Published 13th July 2012
YORK - The UK wide tour of the Olympic Torch involved a high speed dash on a steam train from York to Thirsk on June 20 – day 33 of the tour. It was a natural thing to do, given the torch was at York, said Steve Davies, National Railway Museum (NRM) Director.
The torch was in York on June 19 attracting crowds estimated at 80,000 and had to get to Thirsk the following day so the Olympic Team asked the NRM if LNER Pacific Flying Scotsman would be available for the train. In the end it wasn’t (and won’t be ready until Autumn), but another very famous steam locomotive, LMS ‘Scot’ No. 46115 Scots Guardsman proved to be an admirable substitute.
This 120 ton steam engine starred in the iconic 1930s film ‘Night Mail’ and has been put back to working order by West Coast Railways at Carnforth. Steve Davies used his Army connections and called the nearby Catterick Barracks resulting in some Scots Guards piping the train away at 0815hrs from the NRM’s short platform.
An estimated crowd of 1500 cheered as the train departed, with many flags and replica torches being waved. The train comprised of two first class carriages for guests, another one for security staff and one to carry the torch and support crew plus a kitchen car and a spare first class coach.
The torch was extinguished at York next to the train and the flame transferred to a special miner’s lamp and carried onto the train. An unlit torch was paraded through the train where thousands of photographs were taken.
More were taken in the Guards carriage and by the engine at Thirsk where crowds of local schoolchildren greeted the train and were invited onto the steam engine.
The train carried around 75 guests including the Sheriff of York, and The Mayor of York and Deputy Mayor of Shildon, the Chairperson of Durham County Council amongst the civil dignitaries.
There was heavy security surrounding the torch with 40 staff on board the train with names checked against the approved list and ID’s checked on the day, even for the traincrew!
The lineside to Thirsk was crowded the whole way and regrettably, several instances of lineside trespass were seen with at one stage, a couple running across the four tracks of the East Coast Main Line, where other trains run at up to 125mph. The most enterprising family used a raised tractor bucket for their family to use as a viewing platform!
The train was tracked by a helicopter and progress was so fast that the train arrived 15 minutes early at Thirsk. It was held just outside the station to allow guests at Thirsk station to prepare for the torch to arrive from the Guard’s carriage behind the engine.
The steam locomotive had been specially prepared at Carnforth and 12 man days had been spent cleaning it to make it look ex-works. The train’s carriages had been repainted and deep cleaned and all staff suited and booted for the event in front of the World’s media.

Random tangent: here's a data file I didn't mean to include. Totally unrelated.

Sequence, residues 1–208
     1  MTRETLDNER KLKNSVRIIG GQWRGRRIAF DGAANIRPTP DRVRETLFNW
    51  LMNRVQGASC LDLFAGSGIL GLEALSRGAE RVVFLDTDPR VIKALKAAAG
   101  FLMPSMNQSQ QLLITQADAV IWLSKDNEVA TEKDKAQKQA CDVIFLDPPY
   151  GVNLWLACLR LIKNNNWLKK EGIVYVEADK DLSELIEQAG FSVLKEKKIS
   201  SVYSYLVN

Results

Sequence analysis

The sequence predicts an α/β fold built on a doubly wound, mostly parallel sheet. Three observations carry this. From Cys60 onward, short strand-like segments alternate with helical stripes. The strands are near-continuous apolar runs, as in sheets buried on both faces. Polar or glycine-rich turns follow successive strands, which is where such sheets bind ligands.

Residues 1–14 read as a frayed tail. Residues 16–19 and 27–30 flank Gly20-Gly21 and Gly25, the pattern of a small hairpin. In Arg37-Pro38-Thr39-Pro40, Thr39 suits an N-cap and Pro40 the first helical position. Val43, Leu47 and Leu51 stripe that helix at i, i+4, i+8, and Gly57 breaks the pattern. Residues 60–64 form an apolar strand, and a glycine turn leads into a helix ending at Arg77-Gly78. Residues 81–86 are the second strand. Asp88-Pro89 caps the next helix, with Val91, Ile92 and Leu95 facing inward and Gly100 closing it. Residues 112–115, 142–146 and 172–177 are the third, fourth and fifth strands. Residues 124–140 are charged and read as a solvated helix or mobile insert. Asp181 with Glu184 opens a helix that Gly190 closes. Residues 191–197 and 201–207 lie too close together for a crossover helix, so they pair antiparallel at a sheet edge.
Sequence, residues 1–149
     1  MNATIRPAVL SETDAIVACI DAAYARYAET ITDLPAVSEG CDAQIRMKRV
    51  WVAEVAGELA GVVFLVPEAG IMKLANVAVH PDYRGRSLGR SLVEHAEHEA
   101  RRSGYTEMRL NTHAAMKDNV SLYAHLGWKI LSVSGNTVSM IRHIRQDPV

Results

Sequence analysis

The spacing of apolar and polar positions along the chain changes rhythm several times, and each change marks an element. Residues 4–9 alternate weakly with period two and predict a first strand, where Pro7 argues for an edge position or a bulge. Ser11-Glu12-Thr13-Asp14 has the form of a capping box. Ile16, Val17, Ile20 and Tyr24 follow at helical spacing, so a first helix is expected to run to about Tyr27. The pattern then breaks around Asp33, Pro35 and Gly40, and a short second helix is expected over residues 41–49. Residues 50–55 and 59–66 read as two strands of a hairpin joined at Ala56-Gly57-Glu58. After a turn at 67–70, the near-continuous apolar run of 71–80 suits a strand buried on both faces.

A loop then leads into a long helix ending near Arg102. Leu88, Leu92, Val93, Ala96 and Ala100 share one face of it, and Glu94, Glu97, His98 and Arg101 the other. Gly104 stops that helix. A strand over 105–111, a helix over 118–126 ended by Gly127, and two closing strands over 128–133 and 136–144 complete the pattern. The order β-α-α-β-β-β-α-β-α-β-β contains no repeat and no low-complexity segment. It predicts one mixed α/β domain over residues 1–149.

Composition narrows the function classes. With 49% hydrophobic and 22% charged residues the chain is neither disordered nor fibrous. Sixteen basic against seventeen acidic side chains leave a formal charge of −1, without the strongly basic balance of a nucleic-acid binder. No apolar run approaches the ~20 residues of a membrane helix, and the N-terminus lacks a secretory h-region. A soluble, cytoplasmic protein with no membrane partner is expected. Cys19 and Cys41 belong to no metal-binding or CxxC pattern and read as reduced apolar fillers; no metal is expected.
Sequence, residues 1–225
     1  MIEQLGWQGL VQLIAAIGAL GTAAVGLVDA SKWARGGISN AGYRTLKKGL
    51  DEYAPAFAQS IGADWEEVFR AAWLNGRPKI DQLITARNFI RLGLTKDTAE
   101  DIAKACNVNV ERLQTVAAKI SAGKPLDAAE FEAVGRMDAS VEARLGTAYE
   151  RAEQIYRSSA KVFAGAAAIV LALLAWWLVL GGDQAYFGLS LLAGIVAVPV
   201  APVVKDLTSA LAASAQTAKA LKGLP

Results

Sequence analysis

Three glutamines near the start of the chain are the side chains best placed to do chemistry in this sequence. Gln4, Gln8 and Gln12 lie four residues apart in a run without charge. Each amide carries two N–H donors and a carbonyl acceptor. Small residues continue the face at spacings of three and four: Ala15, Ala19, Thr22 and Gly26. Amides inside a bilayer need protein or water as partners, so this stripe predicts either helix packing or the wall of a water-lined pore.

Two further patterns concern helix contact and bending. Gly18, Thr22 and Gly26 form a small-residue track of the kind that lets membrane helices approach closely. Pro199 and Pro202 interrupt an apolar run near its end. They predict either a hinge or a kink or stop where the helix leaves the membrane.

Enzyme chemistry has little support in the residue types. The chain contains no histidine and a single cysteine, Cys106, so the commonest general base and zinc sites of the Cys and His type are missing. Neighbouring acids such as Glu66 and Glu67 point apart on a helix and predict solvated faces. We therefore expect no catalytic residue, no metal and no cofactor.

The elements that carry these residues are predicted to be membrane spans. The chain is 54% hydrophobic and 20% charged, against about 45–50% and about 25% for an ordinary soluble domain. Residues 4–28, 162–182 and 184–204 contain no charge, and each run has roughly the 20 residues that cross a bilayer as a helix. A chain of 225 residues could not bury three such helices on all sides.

On the train, guests were treated to Coffee and cakes provided by Gravy Train Catering company, who provide catering services to West Coast Railways, the train’s owner and operator.
The train travelled from Carnforth the previous day under conditions of strict secrecy via Hellifield and Leeds, where passengers were stunned by the mid morning sudden appearance of a gleaming steam train travelling slowly, but non-stop through the station! Only one person was seen taking a photograph of it as it passed through Skipton when normally this train would attract hundreds of linesiders.
On arrival at York, the support crew cleaned the engine again assisted by a team of more volunteers from the Railway Museum.
After the torch was safely on its way from Thirsk the train carried on to Darlington and Shildon to the NRM’s other museum base. A reception was held for guests and staff before the train returned to York via Eaglescliffe. It arrived over an hour early thanks to co-operation between the operating authorities.
Steve Davies made the excellent point that had the train not carried the torch, it would not have attracted half the watchers along the route but even though the torch could not be seen from the lineside, they still came in droves to see it pass. He hoped that the experience would attract more people to the railways and his museum.
The various civil dignitaries all sent in messages of thanks for a wonderful, trouble free and probably never to be repeated day and one they would not forget.
Even the operating crew agreed that despite having been involved in some amazing train trips and events, this was one that would remain in their collective memories forever.